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Counterattacks without opposition

By Kristian Ruokonen
An example of counterattacks without opposition in German longsword is the krumphau on the hands of your opponent as he strikes an oberhau. The krumphau is not my strongest technique, but in this article I will present some ways I get it to work. Counterattacks without opposition are extremely tough to execute successfully and in my experience the most common result of an attempted krumphau to the hands is a double hit.  It is clear that it cannot be done as a reaction to a committed vorschlag that is in measure. If you want to strike a krumphau to the hands safely, I think it should done in such a manner that when you hit his hands, you still have time to parry afterwards so that the initial strike does not reach you. Thus, krumphau is based on a victory in time difference. Your strike has to land clearly before your opponent’s strike even has a chance to hit. I think there are 3 main ways to do this:

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Second intention

By Kristian Ruokonen
Photos by Timo Toropainen

In this post I will examine second intention attacks, and how to deal with them. A second intention attack is an attack consisting of two actions, the second of which is intended to strike the opponent. They can either be preplanned, where you assume or know based on observation that the opponent will parry, or “open-eyes”, where you observe your opponents reaction to the initial feint and then act accordingly. A third category is a so-called switch-over reaction, where you attack in the first intention but change intention during the execution of your attack based on your opponent’s reaction. A simple right oberhau followed by a left oberhau to avoid a parry can fit into any one of these categories; the difference is in initial intention: did you plan all the way to only land the second attack, did you observe his reaction, or did you spontaneously change intention during the action.
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Beginners’ courses in historical fencing

By Eliisa Keskinen

I have attended a decent amount of beginner’s courses as a participant, an assistant and an instructor. The majority of them have covered different types of HEMA but I’ve also taken beginner classes in mixed martial arts, Brazilian Jiu-jitsu and savate. I’ve developed a good general idea of what makes a good beginner’s course, and I thought it might be worth sharing some ideas. (more…)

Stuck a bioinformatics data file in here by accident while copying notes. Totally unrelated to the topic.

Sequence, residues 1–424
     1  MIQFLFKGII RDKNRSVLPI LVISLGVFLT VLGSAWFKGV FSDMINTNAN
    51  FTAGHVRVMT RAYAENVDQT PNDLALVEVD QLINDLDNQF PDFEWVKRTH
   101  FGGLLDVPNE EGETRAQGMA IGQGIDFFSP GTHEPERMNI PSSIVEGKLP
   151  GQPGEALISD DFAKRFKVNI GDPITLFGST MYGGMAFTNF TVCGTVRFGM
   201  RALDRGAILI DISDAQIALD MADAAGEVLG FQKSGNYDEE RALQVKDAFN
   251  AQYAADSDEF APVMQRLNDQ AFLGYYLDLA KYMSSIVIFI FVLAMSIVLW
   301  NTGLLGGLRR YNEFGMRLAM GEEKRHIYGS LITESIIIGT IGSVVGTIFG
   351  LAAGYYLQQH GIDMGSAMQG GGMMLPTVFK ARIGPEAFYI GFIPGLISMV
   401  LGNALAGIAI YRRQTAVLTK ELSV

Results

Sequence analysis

Deep and shallow targets

By Kristian Ruokonen

I teach that there are two kinds of targets: shallow and deep. I consider the hands, forearms and legs as shallow targets, and the torso and the head as deep targets. A complete fencer should be able to attack both kinds of targets at will. Attacking only deep targets makes your fencing extremely predictable, and only going for shallow targets will cause your opponent not to respect your attacks. (more…)

Judges are worth your money

By Eliisa Keskinen

Organizing judges for any tournament event is vital for their success, and one should very carefully mind the varying quality of the judges they hire. I have never seen any tournament marketing that they have this or that judge working for them, like one would market an event’s instructors. I know many fencers who avoid certain tournaments because they know that the judging is unacceptable. If you are organizing a tournament, judges is key; only the venue is more important to your success. (more…)

NHFL – I lost every bout and I loved every minute

Guest post by Markus Koivisto

The first season of The Nordic Historical Fencing League is over. The first Nordic (and at the same time the first international) historical fencing league has reached it’s conclusion at Bergen Open, and we have our winners. I participated in three out of the four tournaments, lost every single bout in each of them, and can’t wait to get back in the ring. (more…)